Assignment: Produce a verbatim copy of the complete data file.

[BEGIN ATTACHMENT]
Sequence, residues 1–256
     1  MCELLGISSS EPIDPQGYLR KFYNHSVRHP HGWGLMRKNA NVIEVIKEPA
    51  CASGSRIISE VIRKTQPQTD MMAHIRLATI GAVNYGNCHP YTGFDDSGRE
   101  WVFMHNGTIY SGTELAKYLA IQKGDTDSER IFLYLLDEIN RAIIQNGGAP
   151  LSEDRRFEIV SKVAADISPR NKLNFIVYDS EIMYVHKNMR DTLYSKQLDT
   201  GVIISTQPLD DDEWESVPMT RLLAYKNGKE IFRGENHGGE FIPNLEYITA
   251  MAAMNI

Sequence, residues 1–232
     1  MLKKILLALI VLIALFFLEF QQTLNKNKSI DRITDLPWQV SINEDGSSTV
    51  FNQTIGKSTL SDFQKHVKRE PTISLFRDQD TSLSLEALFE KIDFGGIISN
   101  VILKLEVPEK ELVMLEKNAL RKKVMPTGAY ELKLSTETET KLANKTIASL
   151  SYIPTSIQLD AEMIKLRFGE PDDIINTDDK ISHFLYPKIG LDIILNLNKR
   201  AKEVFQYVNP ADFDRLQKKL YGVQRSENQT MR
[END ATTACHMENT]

Sequence, residues 1–256
     1  MCELLGISSS EPIDPQGYLR KFYNHSVRHP HGWGLMRKNA NVIEVIKEPA
    51  CASGSRIISE VIRKTQPQTD MMAHIRLATI GAVNYGNCHP YTGFDDSGRE
   101  WVFMHNGTIY SGTELAKYLA IQKGDTDSER IFLYLLDEIN RAIIQNGGAP
   151  LSEDRRFEIV SKVAADISPR NKLNFIVYDS EIMYVHKNMR DTLYSKQLDT
   201  GVIISTQPLD DDEWESVPMT RLLAYKNGKE IFRGENHGGE FIPNLEYITA
   251  MAAMNI

Sequence, residues 1–232
     1  MLKKILLALI VLIALFFLEF QQTLNKNKSI DRITDLPWQV SINEDGSSTV
    51  FNQTIGKSTL SDFQKHVKRE PTISLFRDQD TSLSLEALFE KIDFGGIISN
   101  VILKLEVPEK ELVMLEKNAL RKKVMPTGAY ELKLSTETET KLANKTIASL
   151  SYIPTSIQLD AEMIKLRFGE PDDIINTDDK ISHFLYPKIG LDIILNLNKR
   201  AKEVFQYVNP ADFDRLQKKL YGVQRSENQT MR